Less than a week ago, Joel Embiid seemed out of the Celtics’ reach. The Kansas 7-footer was a top-three lock for Thursday’s NBA Draft, and likely the first pick overall, long gone before the Celtics’ No. 6 overall selection.
Then, almost out of the nowhere, the promising center had surgery last Friday for a stress fracture in his right foot, with two screws placed in the navicular bone. His projected recovery timetable: 4-6 months, at least.
Suddenly, Embiid’s stock started dropping, which created chaos at the top of the draft. Teams scrambled to gather medical information on him, while some speculated that Embiid could fall out of the top 10.
All that happened within days of the draft, giving teams a curveball that they won’t see often, if ever. “It’s a pretty unique situation,” said Celtics president of basketball operations Danny Ainge.
But on the eve of the draft, several league sources said that Embiid could fall to the Celtics at the sixth pick — and that the Celtics are expected to grab him if he’s there.
Though Embiid would miss summer league, training camp, and potentially part — if not all — of the 2014-15 season, he would give the Celtics a future “rim protector” that Ainge said the team needed when last season ended.
And though raw, Embiid’s burgeoning offensive game, which improved plenty during his freshman season at Kansas, would give them a valuable weapon down low.
One reason Embiid may fall to the Celtics, who also have the No. 17 pick in the first round, is because of how his medical information was doled out.
Embiid’s camp, and specifically his agent, Arn Tellem, controlled which teams had access to that information, and league sources said not every team with a top-10 pick received it. The Celtics, however, did.
There are multiple reasons why an agent would be selective with that information, but, essentially, teams that have it are more comfortable selecting that player, while teams that don’t are afraid to gamble without having such vital facts.
The Celtics’ medical staff has advised the team to pass on specific players before, and the team also has drafted players who had medical concerns entering the draft, specifically Avery Bradley in 2010 and Jared Sullinger in 2012.
Embiid might be a little more tricky, not only because of his recent foot surgery but because he also suffered a stress fracture in his back earlier this year. Both back and foot injuries historically have been nagging issues for centers.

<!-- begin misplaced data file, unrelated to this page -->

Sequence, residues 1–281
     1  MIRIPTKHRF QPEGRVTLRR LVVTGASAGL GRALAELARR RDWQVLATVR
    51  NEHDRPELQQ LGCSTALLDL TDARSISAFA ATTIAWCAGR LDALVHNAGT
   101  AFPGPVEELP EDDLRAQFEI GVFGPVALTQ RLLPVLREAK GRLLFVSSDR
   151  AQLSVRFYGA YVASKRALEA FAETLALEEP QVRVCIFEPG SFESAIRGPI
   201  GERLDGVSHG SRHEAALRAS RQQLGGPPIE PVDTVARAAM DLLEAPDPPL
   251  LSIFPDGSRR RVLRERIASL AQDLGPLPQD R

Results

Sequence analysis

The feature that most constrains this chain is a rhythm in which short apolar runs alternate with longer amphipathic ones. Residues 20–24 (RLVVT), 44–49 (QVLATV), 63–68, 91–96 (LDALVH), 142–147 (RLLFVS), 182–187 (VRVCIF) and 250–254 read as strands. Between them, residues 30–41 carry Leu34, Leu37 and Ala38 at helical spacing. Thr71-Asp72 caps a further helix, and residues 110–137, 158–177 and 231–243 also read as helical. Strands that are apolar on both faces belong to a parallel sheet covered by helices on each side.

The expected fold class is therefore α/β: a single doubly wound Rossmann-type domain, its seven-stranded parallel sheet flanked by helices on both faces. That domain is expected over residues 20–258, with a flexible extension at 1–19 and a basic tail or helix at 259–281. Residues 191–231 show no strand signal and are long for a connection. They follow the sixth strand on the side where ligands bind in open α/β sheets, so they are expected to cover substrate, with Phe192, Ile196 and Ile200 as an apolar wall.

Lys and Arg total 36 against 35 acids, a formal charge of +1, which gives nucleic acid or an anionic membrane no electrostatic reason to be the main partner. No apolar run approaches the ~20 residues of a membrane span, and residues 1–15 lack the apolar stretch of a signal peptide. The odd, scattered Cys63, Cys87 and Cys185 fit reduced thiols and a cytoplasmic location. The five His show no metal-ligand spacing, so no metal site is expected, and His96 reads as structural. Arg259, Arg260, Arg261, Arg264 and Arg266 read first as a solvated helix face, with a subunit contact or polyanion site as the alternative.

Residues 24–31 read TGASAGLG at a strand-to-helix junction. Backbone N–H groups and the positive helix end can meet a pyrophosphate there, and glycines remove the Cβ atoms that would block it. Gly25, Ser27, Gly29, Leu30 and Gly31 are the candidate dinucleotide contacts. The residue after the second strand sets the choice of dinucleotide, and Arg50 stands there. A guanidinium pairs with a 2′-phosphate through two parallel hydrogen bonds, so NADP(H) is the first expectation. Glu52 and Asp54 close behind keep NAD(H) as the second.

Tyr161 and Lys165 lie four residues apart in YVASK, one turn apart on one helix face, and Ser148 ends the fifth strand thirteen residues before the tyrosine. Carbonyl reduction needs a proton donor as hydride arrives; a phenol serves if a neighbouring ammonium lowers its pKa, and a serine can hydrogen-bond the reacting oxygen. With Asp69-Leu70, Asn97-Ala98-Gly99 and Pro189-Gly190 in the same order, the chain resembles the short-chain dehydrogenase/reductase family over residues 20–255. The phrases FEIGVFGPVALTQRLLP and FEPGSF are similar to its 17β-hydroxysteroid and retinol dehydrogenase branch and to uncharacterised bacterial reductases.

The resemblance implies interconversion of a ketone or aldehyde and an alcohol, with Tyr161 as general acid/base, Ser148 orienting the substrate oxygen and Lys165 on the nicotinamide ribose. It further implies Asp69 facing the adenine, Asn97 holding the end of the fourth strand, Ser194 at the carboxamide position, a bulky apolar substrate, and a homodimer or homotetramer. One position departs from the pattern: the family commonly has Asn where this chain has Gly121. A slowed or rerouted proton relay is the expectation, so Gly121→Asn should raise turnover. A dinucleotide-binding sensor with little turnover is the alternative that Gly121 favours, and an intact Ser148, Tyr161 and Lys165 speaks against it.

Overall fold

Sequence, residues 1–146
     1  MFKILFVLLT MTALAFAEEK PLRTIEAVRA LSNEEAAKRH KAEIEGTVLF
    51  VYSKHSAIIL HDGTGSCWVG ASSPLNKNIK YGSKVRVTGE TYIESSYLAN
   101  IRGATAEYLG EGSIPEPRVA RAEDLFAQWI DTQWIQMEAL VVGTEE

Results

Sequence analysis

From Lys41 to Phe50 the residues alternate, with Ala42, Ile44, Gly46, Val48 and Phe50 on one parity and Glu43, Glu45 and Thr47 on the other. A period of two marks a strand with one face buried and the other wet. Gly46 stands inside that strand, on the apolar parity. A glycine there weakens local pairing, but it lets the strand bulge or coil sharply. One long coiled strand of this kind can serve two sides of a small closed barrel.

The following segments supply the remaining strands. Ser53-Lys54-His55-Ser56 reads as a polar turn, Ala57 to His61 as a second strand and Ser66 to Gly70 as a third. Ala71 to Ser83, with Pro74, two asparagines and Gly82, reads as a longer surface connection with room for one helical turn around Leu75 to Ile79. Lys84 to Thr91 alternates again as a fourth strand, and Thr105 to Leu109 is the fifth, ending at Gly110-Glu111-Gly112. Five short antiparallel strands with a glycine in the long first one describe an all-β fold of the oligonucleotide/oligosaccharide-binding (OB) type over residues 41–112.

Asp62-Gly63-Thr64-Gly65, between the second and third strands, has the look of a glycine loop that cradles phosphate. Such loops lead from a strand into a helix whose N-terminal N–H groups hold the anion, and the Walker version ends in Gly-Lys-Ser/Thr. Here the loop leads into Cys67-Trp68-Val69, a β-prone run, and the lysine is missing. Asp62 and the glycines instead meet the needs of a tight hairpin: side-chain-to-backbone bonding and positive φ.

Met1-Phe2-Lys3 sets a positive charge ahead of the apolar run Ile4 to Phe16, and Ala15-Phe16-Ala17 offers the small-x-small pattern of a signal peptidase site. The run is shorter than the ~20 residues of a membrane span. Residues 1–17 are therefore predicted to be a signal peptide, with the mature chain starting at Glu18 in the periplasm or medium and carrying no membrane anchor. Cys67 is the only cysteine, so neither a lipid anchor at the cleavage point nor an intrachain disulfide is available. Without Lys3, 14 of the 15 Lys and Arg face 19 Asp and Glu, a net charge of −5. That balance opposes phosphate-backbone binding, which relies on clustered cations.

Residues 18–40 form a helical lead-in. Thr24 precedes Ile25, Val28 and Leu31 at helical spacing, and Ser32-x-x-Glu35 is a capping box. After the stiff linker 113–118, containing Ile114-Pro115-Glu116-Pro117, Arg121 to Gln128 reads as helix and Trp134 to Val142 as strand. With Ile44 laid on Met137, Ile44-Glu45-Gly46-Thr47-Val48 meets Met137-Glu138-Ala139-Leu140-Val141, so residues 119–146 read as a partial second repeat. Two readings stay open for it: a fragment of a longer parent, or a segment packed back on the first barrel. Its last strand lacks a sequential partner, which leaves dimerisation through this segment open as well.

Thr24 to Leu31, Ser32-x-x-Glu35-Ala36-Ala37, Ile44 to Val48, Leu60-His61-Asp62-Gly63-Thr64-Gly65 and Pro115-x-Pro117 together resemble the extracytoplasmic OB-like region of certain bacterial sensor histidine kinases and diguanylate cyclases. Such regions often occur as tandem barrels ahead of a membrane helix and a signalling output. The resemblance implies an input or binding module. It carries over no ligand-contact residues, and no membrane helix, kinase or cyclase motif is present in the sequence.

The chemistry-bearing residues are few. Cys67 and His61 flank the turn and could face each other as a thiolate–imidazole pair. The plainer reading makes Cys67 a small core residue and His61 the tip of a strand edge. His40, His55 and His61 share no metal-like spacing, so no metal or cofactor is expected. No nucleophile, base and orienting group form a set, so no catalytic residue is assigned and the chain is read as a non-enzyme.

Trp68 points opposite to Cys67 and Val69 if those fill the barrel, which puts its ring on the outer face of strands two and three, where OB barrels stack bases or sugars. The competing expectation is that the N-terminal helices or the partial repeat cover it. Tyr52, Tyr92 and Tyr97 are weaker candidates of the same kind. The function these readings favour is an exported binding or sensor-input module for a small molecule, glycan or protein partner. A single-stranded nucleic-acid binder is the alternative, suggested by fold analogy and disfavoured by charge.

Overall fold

Embiid has said that his back has healed, and a league source said that’s true, though the source added that a team would be wise to have Embiid engage in back-specific training to further strengthen it.
The foot issue is more of a question mark because centers have a bad history with navicular bone fractures; they notably ended the careers of Yao Ming and Bill Walton.
But Dr. Kenneth Hunt, an assistant professor of orthopedic surgery at the Stanford University Medical Center, pointed out that both Ming and Walton had such fractures late in their career — and that Embiid is just 20 years old.
“The fact that [Embiid is] young, his body has a much better potential to heal than if this were to happen in his mid-to-late 30s towards the end of an NBA career,” Hunt said. “He has a higher chance of healing completely and also more rapidly given his young age.”
The navicular bone is at the top of the foot and is crucial for running and jumping, but centers typically fracture it because of the amount of weight and pressure they put on it.
Dr. Dennis Nutini, Medical Director of the Spaulding Outpatient Center in Brighton and a sports medicine specialist, was asked what advice he’d give an NBA GM who was considering drafting Embiid.
“There’s always chance, but without any other risk factors, without any reason to believe that he would have poor bone healing – like bone deficiencies or nutritional factors or things that could affect that – then he should be just fine,” Nutini said.
“The chances are well in his favor to do well after the surgery in the long term. Is [the recovery] four months? Is it six months? Is it eight months? That might take time. I would err on [the side of] not rushing him back. I think you run into a bigger issue if you rush him back sooner than if he’s ready, than if the pain has gone away.
“After the surgery, you want to make sure it’s not really tender in that area. You kind of want to baby it and then get him back with a gradual rehab program. I think if everything goes smoothly with that and he’s not rushing back, then things should go well.”
Hunt, who is also a clinical consultant for the Golden State Warriors and the San Francisco 49ers, agreed.
“The fact that it was identified early and treated early all portend a positive prognostication for him and a high chance that he’ll be able to compete in a high level in the NBA,” Hunt said. “I don’t think this injury will limit him long term.”
That’s what the Celtics will be hoping for — if, in fact, Embiid falls in their lap.